The Arlen Ness Motorcycles Facebook page has announced the passing of its patriarch on March 22, 2019. Born on July 12, 1939, Arlen Ness became a giant in the custom motorcycle business, often referred to as The King of Custom Motorcycles.In addition to Arlen Ness Motorcycles in Dublin, Calif., which dates back to the 1970s, Ness had a fruitful relationship with Victory Motorcycles. A series of Special Edition Arlen Ness Victory motorcycles amplified the Minnesota-based brand’s credibility in the 2000s. In 2016, Ness earned the Sturgis Lifetime Achievement Award. Ness was inducted into the AMA Motorcycle Hall of Fame in 1992.
Ness described our sport this way: “Motorcycling has been a great ride. My whole life since I’ve been motorcycling has been wonderful. I’ve met so many nice people. Friends all over the world. We can go almost anyplace and stay with friends. It’s been great.”There will be a memorial service and celebration of life at a later date. Ness is survived by Beverly, his wife of 59 years, along with his children and grandchildren. Ness’s son Cory and grandson Zach are also noted custom motorcycle builders.
Suzuki V-Strom 1050 DE + Scott Casey – Living with PTSD and the Rolling Barrage
byMotos and Friends by Ultimate Motorcycle
Hello everyone and welcome once again to Motos and Friends, a weekly Podcast brought to you by the editorial team at Ultimate Motorcycling.
My name is Arthur Coldwells.
The new Suzuki V-Strom DE has just been announced, and Avery Innis, Training and Publications Manager from Suzuki Motor USA, is just the expert to explain its nuances to us. The V-Strom has always been a superb, yet inexpensive platform, and the new DE variant gets more serious about ADV riding. I find out from Avery whether the new upgrades are worthwhile; and the place that the new V-Strom has in the current market.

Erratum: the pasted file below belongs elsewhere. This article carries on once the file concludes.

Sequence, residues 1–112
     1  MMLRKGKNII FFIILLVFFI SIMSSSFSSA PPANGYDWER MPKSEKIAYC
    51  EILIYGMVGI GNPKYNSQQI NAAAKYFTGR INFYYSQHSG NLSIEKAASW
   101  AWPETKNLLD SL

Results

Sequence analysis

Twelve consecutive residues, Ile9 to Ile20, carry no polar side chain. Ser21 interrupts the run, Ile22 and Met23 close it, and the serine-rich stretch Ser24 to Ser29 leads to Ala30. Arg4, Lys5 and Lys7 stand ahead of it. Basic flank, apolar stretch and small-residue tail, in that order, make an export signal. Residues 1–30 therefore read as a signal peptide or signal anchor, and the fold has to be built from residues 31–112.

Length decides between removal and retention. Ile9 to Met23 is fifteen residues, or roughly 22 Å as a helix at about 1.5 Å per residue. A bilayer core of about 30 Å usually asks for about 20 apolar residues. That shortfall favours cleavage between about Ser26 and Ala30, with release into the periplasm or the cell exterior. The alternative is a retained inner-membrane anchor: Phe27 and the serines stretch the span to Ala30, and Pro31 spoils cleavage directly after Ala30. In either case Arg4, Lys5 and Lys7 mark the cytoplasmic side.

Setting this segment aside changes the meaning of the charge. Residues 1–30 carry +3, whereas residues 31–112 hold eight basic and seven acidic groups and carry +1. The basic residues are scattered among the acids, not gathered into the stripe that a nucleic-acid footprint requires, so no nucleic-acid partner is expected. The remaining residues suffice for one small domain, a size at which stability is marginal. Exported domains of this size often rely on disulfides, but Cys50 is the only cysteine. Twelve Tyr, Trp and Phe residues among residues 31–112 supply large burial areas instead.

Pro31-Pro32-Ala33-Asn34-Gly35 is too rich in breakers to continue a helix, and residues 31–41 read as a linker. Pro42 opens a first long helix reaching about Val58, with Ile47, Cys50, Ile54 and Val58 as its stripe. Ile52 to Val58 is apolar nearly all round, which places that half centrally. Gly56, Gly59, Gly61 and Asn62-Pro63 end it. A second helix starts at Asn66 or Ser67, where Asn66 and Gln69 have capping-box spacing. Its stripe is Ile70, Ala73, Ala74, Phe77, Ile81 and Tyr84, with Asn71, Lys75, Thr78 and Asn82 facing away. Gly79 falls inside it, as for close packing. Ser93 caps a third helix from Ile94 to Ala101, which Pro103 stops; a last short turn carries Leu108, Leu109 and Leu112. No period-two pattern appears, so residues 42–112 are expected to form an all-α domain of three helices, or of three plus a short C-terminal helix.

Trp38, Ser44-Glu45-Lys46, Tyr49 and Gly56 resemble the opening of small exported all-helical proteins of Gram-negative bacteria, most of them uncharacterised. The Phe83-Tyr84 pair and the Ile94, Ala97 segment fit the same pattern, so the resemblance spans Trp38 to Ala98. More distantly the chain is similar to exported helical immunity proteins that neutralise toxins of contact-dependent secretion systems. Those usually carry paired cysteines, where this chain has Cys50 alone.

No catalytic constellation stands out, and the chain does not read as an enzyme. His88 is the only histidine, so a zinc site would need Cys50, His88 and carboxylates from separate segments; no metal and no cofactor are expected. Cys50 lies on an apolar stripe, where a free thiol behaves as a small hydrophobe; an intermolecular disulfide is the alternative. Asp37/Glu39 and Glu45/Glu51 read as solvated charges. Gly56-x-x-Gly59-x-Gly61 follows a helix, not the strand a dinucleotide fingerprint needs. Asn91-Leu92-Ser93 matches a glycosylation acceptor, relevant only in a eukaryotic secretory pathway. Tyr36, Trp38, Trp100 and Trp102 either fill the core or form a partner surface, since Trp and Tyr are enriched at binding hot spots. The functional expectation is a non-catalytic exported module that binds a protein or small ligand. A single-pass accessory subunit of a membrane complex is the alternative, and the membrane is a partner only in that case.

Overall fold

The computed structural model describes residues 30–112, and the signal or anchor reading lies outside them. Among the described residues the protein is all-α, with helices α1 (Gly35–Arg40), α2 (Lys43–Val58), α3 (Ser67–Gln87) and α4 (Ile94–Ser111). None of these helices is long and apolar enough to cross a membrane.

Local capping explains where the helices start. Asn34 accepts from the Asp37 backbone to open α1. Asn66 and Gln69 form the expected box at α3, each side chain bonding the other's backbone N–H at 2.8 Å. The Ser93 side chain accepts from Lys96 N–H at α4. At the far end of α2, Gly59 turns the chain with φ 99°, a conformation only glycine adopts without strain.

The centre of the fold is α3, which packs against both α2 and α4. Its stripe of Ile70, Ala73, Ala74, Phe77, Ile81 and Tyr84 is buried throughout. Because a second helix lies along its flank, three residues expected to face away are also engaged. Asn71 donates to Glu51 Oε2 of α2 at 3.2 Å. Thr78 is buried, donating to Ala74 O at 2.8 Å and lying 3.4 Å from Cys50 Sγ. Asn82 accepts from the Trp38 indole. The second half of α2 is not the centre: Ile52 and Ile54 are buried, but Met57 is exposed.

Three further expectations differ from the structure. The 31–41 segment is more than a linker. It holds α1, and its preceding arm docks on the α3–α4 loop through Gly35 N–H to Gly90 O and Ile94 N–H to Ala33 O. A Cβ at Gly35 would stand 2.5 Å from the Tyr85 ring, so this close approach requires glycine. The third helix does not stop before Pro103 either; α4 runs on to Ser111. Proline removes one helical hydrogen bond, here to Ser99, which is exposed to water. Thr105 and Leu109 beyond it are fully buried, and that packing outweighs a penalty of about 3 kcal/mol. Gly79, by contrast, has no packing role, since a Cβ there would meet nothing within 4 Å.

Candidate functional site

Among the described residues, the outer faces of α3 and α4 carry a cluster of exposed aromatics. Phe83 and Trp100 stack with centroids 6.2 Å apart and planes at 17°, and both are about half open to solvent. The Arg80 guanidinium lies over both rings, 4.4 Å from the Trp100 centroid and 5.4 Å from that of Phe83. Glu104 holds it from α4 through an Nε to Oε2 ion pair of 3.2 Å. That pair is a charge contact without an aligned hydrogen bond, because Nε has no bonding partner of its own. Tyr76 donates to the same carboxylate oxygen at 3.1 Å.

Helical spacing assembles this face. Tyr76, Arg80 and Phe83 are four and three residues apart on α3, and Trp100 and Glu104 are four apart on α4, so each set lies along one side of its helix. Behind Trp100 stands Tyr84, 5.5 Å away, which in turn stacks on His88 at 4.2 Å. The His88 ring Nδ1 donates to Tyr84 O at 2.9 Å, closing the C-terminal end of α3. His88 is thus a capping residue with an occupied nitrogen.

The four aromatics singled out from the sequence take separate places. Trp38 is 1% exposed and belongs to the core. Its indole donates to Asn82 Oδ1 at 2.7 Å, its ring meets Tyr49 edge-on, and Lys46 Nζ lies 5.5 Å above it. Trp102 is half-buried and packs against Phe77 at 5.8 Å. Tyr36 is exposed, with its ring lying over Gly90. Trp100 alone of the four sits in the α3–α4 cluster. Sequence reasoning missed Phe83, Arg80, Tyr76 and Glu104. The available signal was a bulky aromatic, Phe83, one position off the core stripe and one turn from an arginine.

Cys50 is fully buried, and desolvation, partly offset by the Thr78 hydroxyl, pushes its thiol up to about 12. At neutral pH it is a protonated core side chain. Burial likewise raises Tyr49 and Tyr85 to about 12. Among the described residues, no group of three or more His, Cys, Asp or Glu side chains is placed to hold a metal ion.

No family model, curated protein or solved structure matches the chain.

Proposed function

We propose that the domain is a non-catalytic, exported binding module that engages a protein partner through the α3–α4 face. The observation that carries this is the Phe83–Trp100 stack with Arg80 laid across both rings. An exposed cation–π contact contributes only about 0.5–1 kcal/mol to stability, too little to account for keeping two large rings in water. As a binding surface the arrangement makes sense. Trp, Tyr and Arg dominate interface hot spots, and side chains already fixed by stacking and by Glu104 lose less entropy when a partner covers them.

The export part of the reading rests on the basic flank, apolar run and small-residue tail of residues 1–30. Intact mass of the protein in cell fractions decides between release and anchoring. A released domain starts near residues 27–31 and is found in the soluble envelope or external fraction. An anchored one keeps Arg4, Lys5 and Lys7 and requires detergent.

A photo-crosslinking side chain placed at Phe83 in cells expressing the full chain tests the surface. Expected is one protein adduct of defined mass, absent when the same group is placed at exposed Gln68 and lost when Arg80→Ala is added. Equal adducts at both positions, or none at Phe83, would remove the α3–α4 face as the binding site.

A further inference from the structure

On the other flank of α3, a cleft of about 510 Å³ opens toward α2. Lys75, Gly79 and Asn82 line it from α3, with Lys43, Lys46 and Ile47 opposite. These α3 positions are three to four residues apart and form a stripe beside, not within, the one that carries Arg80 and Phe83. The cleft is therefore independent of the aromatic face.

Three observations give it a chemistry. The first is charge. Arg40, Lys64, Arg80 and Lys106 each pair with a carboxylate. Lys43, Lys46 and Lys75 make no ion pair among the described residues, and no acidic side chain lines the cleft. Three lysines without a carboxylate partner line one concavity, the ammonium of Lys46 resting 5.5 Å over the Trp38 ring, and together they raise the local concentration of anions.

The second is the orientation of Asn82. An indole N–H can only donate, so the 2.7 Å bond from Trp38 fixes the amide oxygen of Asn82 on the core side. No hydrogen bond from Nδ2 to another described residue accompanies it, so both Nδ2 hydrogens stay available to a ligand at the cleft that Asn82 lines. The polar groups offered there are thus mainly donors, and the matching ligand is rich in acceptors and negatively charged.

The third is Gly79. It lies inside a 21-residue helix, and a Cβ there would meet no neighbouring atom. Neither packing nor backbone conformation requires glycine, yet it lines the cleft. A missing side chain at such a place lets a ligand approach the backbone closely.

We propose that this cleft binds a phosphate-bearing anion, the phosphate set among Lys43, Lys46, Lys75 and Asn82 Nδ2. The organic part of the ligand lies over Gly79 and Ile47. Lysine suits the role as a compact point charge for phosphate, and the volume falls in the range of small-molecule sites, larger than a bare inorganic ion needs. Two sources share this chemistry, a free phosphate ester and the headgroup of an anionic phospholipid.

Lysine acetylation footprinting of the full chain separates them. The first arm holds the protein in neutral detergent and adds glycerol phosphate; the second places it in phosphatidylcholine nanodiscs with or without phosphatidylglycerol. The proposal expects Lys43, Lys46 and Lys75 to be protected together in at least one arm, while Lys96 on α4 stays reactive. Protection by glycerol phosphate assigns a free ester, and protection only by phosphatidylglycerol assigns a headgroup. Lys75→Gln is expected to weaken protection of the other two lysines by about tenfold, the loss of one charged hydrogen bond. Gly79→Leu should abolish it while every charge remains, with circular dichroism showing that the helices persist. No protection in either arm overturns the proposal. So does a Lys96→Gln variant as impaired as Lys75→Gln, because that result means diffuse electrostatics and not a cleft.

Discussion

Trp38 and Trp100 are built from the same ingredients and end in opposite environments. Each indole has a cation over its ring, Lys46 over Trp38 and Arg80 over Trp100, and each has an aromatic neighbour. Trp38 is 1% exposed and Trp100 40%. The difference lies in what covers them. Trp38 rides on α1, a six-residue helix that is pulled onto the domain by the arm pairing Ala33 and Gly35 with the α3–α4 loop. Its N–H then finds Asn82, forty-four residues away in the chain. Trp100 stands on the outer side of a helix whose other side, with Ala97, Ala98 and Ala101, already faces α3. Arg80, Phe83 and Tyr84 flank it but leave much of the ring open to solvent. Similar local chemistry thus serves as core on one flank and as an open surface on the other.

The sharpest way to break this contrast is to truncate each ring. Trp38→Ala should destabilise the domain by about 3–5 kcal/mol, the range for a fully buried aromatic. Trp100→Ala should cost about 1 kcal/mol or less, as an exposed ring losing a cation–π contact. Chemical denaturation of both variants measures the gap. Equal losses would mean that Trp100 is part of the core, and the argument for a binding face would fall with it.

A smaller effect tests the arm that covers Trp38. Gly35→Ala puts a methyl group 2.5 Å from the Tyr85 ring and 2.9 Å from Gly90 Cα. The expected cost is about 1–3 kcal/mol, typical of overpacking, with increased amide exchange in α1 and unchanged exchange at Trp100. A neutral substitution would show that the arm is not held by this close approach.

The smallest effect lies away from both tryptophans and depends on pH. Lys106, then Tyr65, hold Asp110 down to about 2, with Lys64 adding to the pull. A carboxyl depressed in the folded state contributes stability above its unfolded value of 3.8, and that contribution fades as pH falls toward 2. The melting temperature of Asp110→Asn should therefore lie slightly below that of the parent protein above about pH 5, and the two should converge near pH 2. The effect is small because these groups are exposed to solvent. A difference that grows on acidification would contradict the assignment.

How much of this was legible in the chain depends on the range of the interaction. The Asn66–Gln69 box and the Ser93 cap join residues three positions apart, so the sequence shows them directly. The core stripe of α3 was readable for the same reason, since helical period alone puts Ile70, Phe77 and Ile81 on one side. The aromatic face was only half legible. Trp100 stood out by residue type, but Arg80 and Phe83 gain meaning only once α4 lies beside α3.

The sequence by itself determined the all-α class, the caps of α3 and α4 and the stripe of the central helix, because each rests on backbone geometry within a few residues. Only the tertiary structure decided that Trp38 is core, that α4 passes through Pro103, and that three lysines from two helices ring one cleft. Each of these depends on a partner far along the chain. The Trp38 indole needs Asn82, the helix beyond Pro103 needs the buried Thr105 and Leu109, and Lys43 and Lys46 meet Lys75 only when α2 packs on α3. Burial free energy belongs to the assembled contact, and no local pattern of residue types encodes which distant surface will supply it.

Our second segment covers a subject that’s a little more serious than usual.
Many veterans and first responders suffer from Post Traumatic Stress Disorder, aka PTSD.
Scott Casey—himself a sufferer—decided to try and help his fellow vets, and started a cross-Canada charity ride in 2016 called the ‘Rolling Barrage’. It was—and is—incredibly successful.
It’s not just a tremendous ride. The Rolling Barrage is a place for like-minded sufferers and their supporters to ride together. They get some serious “wind therapy” whether it’s on just a stop, or a leg of the ride, one day, a weekend, or even the whole ride. Scott opens up with Associate Editor Teejay Adams about his personal history, and how he came to create such a brilliant and worthy real-world event that truly helps.
The Rolling Barrage is a supportive network of brothers and sisters. To quote Scott Casey: “this is the family you never knew you had”.
It was a Nation exploding into civil war. In 1992, the collapse of the former Yugoslavia triggered an international armed conflict that would last more than 3 years and eventually see nearly 100,000 people killed. Canadians were thrown into what was declared a peacekeeping mission, but it wasn’t. They were going well beyond the rules of engagement that were provided by the UN. Told by Scott Casey, Former Canadian Peacekeeper.